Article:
The closer she looked, the more interesting properties she found in one of carbon’s most common forms, graphite. Graphite is made of numerous stacked layers of carbon sheets that are weakly attracted to each other. When you drag a pencil across a page, you are breaking those weak bonds, leaving layer after layer of carbon behind. Not content with looking at graphite’s structure, Dresselhaus investigated the individual layers of which it is composed. These one-atom-thick sheets of carbon are known as graphene, and their properties are exquisite.
To begin, unlike in, say, diamond, where each carbon is linked in a three dimensional tetrahedral structure with four other neighboring carbons via an sp3 hybridization, in graphene, each carbon is linked only to three other carbons through an sp2 hybridization, which allows the sheet to lie flat, and provides for a truly remarkable tensile strength. In the 1980s, after a series of experiments that led to the discovery of fullerenes (cylindrical or spherical molecules of carbon for which Richard Smalley, picking up on Dresselhaus’s work, would win the Nobel Prize), Dresselhaus predicted that one could make an elongated, single-atom thick tube of sp2 bonded carbon, what we know today as a carbon nanotube.
This theoretical prediction of three decades ago is now a burgeoning industry of enormous potential. Single and multiple-walled nanotubes are now a full reality, and their properties are every bit as marvelous as Dresselhaus predicted. You start with a sheet of graphene. Depending on how you roll it up (as represented by m and n, the magnitudes of the two vectors you use to denote the tube’s eventual central axis), the resulting tube will have different thermoelectric properties. Some tubes will be metallic in character, and some will be semi-conductors.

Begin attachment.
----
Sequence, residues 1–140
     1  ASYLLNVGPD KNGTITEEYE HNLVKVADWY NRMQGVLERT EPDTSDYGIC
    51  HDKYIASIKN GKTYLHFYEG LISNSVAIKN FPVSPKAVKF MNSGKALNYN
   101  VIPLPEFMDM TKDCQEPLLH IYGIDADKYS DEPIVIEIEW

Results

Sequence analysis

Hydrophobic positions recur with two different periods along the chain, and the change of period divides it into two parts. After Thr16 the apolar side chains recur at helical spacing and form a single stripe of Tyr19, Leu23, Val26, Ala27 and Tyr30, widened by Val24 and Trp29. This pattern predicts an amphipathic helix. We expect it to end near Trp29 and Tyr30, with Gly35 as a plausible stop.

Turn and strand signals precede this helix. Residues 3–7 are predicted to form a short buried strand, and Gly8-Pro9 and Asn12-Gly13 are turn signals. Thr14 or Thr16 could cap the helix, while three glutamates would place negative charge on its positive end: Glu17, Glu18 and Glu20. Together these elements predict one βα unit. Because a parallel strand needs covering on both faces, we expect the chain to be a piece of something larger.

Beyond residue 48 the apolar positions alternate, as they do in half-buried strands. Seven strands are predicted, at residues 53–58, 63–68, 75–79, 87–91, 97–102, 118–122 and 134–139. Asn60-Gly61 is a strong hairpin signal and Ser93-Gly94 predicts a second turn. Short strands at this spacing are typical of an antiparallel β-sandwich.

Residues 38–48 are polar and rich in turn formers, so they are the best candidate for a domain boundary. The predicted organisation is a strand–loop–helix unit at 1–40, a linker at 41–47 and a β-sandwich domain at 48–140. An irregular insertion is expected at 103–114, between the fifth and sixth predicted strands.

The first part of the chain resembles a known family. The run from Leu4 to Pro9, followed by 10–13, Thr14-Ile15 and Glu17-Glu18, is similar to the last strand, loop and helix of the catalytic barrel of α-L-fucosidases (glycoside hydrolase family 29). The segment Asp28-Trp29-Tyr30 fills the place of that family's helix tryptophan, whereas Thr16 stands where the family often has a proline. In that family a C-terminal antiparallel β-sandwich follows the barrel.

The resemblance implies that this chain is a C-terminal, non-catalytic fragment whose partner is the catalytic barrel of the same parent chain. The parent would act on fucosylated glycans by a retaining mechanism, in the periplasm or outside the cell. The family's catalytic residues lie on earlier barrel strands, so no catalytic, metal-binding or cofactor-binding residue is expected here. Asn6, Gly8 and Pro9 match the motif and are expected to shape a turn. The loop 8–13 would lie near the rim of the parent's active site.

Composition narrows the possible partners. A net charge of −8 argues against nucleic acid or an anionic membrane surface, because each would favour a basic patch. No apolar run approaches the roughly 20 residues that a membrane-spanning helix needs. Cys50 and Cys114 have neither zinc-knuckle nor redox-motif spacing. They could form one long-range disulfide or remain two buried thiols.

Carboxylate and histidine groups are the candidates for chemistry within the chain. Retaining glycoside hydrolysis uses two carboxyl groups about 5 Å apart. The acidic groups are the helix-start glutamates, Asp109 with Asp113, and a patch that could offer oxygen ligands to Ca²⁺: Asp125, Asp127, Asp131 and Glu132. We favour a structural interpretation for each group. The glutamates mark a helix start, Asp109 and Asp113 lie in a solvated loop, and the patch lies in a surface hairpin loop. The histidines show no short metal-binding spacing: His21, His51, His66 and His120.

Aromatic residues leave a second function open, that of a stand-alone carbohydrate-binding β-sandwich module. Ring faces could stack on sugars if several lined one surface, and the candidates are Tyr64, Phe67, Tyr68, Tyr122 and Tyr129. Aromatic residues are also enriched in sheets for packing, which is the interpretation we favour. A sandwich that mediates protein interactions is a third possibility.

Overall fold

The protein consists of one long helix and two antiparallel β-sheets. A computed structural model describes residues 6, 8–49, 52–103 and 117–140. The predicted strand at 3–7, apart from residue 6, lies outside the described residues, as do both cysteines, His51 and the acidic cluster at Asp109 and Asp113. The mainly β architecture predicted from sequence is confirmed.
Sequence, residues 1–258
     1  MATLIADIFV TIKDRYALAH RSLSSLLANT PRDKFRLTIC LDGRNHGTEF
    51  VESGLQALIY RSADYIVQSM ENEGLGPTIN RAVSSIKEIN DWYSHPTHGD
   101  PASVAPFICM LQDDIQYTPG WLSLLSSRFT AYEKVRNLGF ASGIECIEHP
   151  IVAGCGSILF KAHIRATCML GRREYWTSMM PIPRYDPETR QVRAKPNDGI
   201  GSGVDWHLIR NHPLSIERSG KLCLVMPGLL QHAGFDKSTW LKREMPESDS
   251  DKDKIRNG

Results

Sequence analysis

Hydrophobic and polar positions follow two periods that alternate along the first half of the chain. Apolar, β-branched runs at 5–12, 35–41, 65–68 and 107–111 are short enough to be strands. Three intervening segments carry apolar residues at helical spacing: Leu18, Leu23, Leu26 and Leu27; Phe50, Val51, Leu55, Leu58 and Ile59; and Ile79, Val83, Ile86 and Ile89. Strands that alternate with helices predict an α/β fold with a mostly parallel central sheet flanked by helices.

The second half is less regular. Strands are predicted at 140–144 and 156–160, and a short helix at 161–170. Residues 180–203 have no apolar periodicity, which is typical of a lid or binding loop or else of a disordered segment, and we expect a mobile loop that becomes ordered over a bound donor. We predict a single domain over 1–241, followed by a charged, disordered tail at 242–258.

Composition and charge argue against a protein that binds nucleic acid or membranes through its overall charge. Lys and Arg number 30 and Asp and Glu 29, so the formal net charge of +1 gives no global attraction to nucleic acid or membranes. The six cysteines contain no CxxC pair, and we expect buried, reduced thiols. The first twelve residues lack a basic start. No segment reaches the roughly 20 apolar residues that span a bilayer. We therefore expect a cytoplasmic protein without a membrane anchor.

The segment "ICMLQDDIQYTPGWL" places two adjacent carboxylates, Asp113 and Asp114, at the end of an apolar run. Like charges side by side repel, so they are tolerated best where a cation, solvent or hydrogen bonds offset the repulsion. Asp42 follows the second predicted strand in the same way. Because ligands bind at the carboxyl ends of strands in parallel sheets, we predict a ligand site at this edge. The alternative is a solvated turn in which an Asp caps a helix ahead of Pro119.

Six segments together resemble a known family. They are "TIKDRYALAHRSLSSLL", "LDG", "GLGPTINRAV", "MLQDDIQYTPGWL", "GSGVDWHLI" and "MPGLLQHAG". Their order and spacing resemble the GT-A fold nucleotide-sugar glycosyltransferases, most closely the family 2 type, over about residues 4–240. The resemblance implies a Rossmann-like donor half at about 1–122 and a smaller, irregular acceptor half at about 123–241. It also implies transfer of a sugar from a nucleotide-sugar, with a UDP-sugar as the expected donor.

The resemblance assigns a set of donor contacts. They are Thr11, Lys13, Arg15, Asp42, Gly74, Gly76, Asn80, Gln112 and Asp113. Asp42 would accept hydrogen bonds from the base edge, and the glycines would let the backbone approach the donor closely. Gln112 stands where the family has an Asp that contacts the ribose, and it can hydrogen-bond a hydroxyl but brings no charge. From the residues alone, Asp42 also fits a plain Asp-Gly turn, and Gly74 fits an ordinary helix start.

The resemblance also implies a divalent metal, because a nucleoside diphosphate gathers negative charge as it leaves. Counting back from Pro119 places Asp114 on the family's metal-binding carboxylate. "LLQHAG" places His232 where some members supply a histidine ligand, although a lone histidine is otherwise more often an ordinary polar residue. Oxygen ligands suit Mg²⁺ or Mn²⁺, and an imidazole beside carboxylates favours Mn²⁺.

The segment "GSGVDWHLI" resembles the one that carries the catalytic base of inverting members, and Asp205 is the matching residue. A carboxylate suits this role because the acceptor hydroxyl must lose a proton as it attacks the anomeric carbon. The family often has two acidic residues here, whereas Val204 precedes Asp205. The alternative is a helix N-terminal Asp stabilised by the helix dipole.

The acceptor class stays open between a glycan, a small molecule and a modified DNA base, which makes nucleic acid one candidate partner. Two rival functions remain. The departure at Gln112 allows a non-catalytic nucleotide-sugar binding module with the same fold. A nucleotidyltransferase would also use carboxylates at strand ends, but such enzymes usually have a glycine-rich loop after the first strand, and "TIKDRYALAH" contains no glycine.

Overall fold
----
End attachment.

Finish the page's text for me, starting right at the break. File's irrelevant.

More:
The resulting structures possess the highest tensile strength of any substance on Earth. Nanotubes have been tested at 63 Gigapascals, or 114 times the value for structural steel. Such a cable could support 14,000 lbs while having a cross section of less than one square millimeter. And not only is it strong, but its thermal conductivity is off the charts, allowing a flow of energy at ten times the rate that permitted in copper. And NOT ONLY THAT, but the electric conductivity on metal-type nanotubes (where m=n) is a thousand times that of copper.
Strong, conductive, and increasingly cheap to produce, the excitement about the micro-engineering potential of nanotubes is understandably intense, and it is all a result of one woman’s dogged determination to fully catalogue, over the course of a half century, the properties of a substance deemed too common for sustained scientific interest. At age 84, her research continues, not only deepening her investigation of the properties of nanotubes through Raman spectroscopy, but starting an inquiry into the behavior of bismuth nanowires, a new element for a new century. Awarded the Presidential Medal of Freedom in 2014, her work both as a scientist and advocate for women in science recognized the world over, Mildred Dresselhaus is a modest living legend, and a sign for us all that the universe is yet hiding some of its greatest secrets in plain sight.